Surgery frees local man from epileptic seizures
WINCHESTER – A local man who had suffered with seizures since childhood is now living seizure-free after epilepsy surgery.
Chase Nethers, 23, of Winchester, has not had a seizure in over three years after receiving frontal lobe epilepsy surgery at the age of 19.
Nethers said he had been diagnosed with an epilepsy disorder in his mid-teens, but he had been suffering from various forms of epilepsy since the fifth grade.
Brain surgery was not the first treatment option Nethers had tried. He had also tried various medications that had little effect on preventing seizures. He was classified as having drug-resistant epilepsy.
Paul Lyons, neurologist, epilepsy specialist and medical director of the Virginia Comprehensive Epilepsy Program at Winchester Medical Center, said that epilepsy is unique because a third of patients fail to respond to medication.
“It’s a particularly vexing problem despite a century of work,” he said.
He added that when a patient fails to respond to two appropriate medications, “the probability of any seizure medication getting the patient seizure-free is only 1 to 5 percent.”
Nethers chose to have the surgery after other treatments failed to provide him relief.
Lyons said the idea of a craniotomy, or brain surgery, is a frightening idea, especially during the initial discussions with the patient and family members.
A craniotomy is a surgical operation in which a bone flap is temporarily removed from the skull to access the brain. Then a resection, or removal, of tissue is performed.
Once the decision for brain surgery has been made, Lyons said that six to nine months of testing takes place before the surgery.
He said getting this surgery is a major advantage for those with drug-resistant epilepsy because the chance of death is higher in drug-resistant epilepsy with continued seizures than it is with epilepsy surgery that involves brain surgery.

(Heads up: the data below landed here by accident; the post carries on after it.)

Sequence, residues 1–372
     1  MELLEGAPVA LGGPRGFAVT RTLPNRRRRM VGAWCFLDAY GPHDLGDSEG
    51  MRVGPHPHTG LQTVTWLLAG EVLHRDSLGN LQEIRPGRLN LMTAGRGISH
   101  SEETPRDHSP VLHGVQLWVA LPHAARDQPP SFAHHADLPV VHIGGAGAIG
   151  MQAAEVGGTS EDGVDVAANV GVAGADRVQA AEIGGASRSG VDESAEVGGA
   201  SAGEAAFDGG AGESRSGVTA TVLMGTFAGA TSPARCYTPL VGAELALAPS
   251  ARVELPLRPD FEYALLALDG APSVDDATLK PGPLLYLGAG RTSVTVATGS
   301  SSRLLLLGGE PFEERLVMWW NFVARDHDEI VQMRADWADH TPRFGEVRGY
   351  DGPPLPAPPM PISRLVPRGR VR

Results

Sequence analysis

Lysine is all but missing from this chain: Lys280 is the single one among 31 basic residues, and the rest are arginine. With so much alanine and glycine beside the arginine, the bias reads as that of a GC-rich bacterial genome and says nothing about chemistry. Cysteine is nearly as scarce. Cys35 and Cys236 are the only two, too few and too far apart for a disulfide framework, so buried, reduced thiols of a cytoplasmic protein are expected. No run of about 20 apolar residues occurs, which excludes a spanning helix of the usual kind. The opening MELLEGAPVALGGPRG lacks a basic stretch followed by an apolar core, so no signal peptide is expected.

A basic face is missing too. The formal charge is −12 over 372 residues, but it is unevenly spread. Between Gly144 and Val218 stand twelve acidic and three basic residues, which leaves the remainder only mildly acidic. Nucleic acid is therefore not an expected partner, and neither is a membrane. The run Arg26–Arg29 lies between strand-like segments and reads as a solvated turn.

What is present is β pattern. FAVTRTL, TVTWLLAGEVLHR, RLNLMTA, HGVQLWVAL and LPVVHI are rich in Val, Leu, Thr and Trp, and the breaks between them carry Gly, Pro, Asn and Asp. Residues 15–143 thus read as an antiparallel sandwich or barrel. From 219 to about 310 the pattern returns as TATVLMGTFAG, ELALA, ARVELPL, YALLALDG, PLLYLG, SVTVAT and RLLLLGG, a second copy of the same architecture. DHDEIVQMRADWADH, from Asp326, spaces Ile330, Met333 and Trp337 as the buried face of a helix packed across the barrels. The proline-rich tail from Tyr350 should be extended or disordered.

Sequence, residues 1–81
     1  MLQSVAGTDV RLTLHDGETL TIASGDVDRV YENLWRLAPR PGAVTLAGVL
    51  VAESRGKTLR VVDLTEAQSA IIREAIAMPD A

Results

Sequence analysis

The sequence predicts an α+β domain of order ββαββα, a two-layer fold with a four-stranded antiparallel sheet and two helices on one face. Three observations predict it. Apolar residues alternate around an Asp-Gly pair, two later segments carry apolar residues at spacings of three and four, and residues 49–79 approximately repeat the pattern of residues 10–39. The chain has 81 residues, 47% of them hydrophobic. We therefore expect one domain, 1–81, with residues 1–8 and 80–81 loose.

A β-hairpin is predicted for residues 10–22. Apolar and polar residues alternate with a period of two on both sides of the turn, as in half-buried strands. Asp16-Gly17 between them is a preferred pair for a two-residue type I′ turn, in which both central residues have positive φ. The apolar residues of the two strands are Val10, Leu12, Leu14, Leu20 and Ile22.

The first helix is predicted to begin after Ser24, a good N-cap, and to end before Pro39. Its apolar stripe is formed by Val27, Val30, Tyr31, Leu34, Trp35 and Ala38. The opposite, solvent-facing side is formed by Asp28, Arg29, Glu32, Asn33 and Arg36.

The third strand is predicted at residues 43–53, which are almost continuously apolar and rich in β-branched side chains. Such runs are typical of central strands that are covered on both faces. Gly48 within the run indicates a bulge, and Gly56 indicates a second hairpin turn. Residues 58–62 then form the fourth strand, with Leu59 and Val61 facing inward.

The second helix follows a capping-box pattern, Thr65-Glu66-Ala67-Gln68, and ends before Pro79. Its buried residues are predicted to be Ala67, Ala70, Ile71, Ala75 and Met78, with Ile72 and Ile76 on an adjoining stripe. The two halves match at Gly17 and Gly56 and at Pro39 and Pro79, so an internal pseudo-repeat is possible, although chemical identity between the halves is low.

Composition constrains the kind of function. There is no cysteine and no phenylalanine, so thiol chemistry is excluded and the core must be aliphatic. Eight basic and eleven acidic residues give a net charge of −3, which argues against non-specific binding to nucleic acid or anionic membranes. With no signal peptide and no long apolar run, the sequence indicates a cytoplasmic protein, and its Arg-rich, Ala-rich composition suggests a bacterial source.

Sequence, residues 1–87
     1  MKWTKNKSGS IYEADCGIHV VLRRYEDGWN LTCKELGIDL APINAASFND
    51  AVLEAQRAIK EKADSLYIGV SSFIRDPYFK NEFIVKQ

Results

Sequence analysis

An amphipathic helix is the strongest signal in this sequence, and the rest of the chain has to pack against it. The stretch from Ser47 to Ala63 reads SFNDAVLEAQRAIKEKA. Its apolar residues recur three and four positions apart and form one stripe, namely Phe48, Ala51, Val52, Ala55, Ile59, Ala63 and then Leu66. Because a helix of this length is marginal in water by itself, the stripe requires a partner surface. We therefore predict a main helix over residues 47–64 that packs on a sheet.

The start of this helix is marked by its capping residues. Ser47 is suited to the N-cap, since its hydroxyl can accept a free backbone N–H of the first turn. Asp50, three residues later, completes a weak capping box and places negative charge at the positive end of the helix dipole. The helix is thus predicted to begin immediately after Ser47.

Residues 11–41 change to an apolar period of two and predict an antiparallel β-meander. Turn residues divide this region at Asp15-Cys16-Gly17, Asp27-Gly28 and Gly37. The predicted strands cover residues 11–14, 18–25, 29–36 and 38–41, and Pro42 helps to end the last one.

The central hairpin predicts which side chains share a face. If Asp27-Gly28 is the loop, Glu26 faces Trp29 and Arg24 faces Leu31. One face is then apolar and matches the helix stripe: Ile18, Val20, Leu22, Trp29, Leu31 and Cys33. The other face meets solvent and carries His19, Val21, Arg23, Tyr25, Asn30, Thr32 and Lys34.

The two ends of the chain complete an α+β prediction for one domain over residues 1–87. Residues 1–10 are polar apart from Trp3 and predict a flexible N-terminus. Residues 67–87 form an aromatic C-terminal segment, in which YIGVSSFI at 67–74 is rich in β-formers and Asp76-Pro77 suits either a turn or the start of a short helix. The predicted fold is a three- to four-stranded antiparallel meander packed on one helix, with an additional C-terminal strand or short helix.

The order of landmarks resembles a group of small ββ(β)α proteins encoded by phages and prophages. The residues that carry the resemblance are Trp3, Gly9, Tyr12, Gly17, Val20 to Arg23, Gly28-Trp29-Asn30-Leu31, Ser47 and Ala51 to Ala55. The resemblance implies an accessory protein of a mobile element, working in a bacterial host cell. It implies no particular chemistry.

He added that brain surgery is only offered to patients age 15 and older.
The surgery takes about four hours on the operating table and three days recovering in the hospital, he added. For the first six weeks following the surgery, the patient is still recovering from the process of surgery and then the patient may need additional therapy.
Lyons said that life before the surgery would have been difficult for Nethers, and is difficult for many people coping with epilepsy.
He said people suffering from epilepsy often experience social isolation, underemployment or unemployment, financial limitations, societal stigmas and a loss of personal relationships.
He added that long-term epilepsy can lead to “irreversible brain function deficits in terms of learning, memory, planning and personality.”
While having a seizure, Nethers said he would become confused and forgetful until the seizure passed. He said the experience of seizures felt like you were drowning because of the constant feeling of exhaling and the inability to breathe.
Nethers said a major struggle and consequence when dealing with the risk of seizures was remaining independent.
When it came to friendships, he said, “loyal ones are going to stay” and for relationships he said it became difficult because of his inability to drive and hold a steady job due to the risk of having a seizure at any time. He had to inform employers about his health risks and explain what they would need to do if he had a seizure while at work.
He added that he had spent about a year and a half total without being able to drive.
Lyons said that a team of doctors worked together to ensure Nethers didn’t have to live with these struggles for the rest of his life. The team worked together on patients to get them seizure-free “so they can go off and get tattoos, buy a convertible car, get a driver’s license, go off and have adventures and pursue a life filled with independence and autonomy.”
Since the surgery, Nethers said the biggest changes have been the retention of memory and his overall quality of life. He added that keeping a steady job has been a great change.
Nethers added that he hopes others in the community learn about the effects of epilepsy and how to help or respond to anyone who may be experiencing a seizure.
He also hopes that those with epilepsy consider all of the options available and to not be afraid of surgery if it is in their best interest.
According to a Valley Health news release, the Virginia Comprehensive Epilepsy Program at Winchester Medical Center has been re-accredited for 2016-2017 as a Level 4 Epilepsy Center by the National Association of Epilepsy Centers. This is the highest designation awarded to centers with the expertise, facilities and equipment to provide complex neurodiagnostic, medical and surgical services for epilepsy treatment. Level 4 centers offer complete evaluation for epilepsy, intracranial monitoring and a broad range of neurosurgical procedures for epilepsy.
The local program is one of four Level 4 epilepsy centers in Virginia and the only community hospital-based Level 4 center that treats children and adults.
Contact staff writer Kaley Toy at 540-465-5137 ext. 176, or firstname.lastname@example.org